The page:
If you haven’t conducted this experiment yet, visit the MIT Personas project and type your name into the search field. What comes out is a visual representation of your digital self. As noted on the project page, “Personas shows you how the Internet sees you.”
Over the past year, we’ve been researching extensively the topic of digital identity. Not surprisingly, a lot of the theory we explore directly affects our day-to-day lives and how we interact online. As an example, I’m finding a growing “identity divide” as my various social graphs intersect (or more importantly don’t intersect) with my digital self. To put it bluntly, it’s becoming increasingly uncanny how my online persona—instead of converging—is in many ways actually diverging from the “real” me.
Why is this? One reason is that many of our most significant interactions—those with family and close friends—occur offline and are not captured as part of our digital identities. I think the bigger reason is that we’re constantly reminded that our digital identities are entities that need to be managed, so what does appear online tends to be a highly sanitized version of us. danah boyde talks extensively about the issue of digital identity. In her 2002 thesis paper “Faceted Id/entity: Managing Representation in a Digital World,” she says:
“In any given situation, an individual presents a face, which is the social presentation of one facet of their identity. I believe that an individual has a coherent sense of self, but in presenting only facets of their identity, they are perceived as fragmented. People maintain many different social facets and often associate particular facets, and therefore faces, with particular contexts.”
For knowledge workers like me, the vast majority of Internet use is work-related. In many ways, if you’re developing a professional online brand, the decision to cut out personal details is made for you. I could use Twitter and blogs to talk about how cute the baby is or to complain about how I was up all night working on a paper, but how would that contribute to my brand? Why does anyone care about what movie I saw on the weekend or who I’m cheering for in the playoffs? The general question is: What is the value of using the pubic Web as a venue to air personal issues?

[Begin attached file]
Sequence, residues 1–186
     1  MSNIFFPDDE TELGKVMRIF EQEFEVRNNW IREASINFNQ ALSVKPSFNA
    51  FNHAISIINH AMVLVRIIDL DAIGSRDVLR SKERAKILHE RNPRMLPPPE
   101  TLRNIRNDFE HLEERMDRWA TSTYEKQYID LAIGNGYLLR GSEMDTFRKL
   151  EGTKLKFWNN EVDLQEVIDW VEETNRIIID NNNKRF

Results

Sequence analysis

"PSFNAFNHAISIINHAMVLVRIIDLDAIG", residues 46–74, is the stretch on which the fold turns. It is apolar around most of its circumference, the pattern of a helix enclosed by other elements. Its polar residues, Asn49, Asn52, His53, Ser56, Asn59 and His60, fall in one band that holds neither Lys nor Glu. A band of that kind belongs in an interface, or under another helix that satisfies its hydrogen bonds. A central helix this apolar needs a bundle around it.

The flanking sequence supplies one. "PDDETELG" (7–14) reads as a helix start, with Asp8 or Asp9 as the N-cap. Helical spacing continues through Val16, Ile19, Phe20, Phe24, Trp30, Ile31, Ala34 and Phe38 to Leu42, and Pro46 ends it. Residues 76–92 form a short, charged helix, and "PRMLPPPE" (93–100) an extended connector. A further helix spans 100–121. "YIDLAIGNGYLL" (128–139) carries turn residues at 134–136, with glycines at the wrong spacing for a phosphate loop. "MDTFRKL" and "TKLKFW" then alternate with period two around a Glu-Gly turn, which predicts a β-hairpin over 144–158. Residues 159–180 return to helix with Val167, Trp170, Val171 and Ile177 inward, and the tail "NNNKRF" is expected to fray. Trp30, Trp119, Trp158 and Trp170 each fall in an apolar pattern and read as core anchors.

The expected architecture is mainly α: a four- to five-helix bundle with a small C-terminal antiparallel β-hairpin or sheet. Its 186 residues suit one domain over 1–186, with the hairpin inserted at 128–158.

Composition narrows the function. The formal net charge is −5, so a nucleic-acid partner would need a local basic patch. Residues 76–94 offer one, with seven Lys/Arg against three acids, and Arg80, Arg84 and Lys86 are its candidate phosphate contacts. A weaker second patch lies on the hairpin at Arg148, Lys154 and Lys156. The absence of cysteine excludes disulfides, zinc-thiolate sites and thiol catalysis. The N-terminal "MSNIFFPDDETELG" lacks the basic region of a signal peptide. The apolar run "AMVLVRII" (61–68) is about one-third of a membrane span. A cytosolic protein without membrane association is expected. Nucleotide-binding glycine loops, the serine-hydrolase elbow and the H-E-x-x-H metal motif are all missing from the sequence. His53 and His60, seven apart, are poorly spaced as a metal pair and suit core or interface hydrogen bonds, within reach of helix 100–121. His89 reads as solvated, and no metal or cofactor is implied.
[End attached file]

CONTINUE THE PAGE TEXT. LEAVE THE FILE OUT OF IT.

I would argue not much (unless maybe if I’m a celebrity). But it does create a gap in my online identity. In a sense, it’s unfortunate that what I talk about online is of no interest to family and friends. I could develop professional distinction on the Web but few people that who are really near and dear to me would notice.
One of the models we can use to help think about this digital identity divide is the Johari Window. The image below shows a 2×2 matrix that contains different types of information about our identity – aspects that are known to us and those that known to others. Over time, more and more of the matrix comes into play as personal information is digitized and shared. Prior to social networking everyone projected a particular image within which there were characteristics of themselves that they knew about and chose to share: the Arena. There were also characteristics of which they were aware, but chose not to share: the Façade. This was changed by social networking technologies which can now uncover a whole other aspect of the self: the Blind Spot(s) – things that we don’t know about ourselves, but that are well known to others (e.g. characteristics such as habits, expressions, or even behaviors).
The true power of social networking becomes apparent in the co-operative era, during which knowledge is taken from narrow to broad base by organizations that can now link up personal information known in different contexts/realms and make it useful for their own purposes. Finally, we have the tireless machine era in which we have to imagine a world (not too far away) where machines and software will be operating 24/7/365 in the background, enabling powerful reality mining applications. Much of what is uncovered in the tireless machine era will still have been unknown to us and to others as well, but will be collected, aggregated, analyzed, monitored, and tagged by powerful, always-on systems running in the background of all Web applications. (Note: nGenera members will hear more about the Johari Window and pervasive digital identity in several forthcoming research projects).
The progression to the tireless machine era is by no means linear, and I think what we’re experiencing now are growing pains. Currently, I think the highly managed approach to most digital identities is moving more information from the Arena to the Facade, creating the divide I talk about above. The purposeful collection of personal data by companies is adding to our Blind Spots (e.g. companies can now use social network analysis and reality mining to identify behaviors and trends that we don’t perceive) but I don’t think the technology is quite good enough yet to create much that it fully Unknown.
I don’t think anyone feels comfortable with idea of always putting up a facade – most of us would like to think we “keep it real,” however I think in many ways, the Internet gives us little choice. A Net Gen take on Richard Florida’s Creative Class asks, “Why leave your personality at home? As free time blends with time on the job you want to make a statement and be comfortable at the same time.” It’s a nice thought, but it sounds unlikely for most professional environments.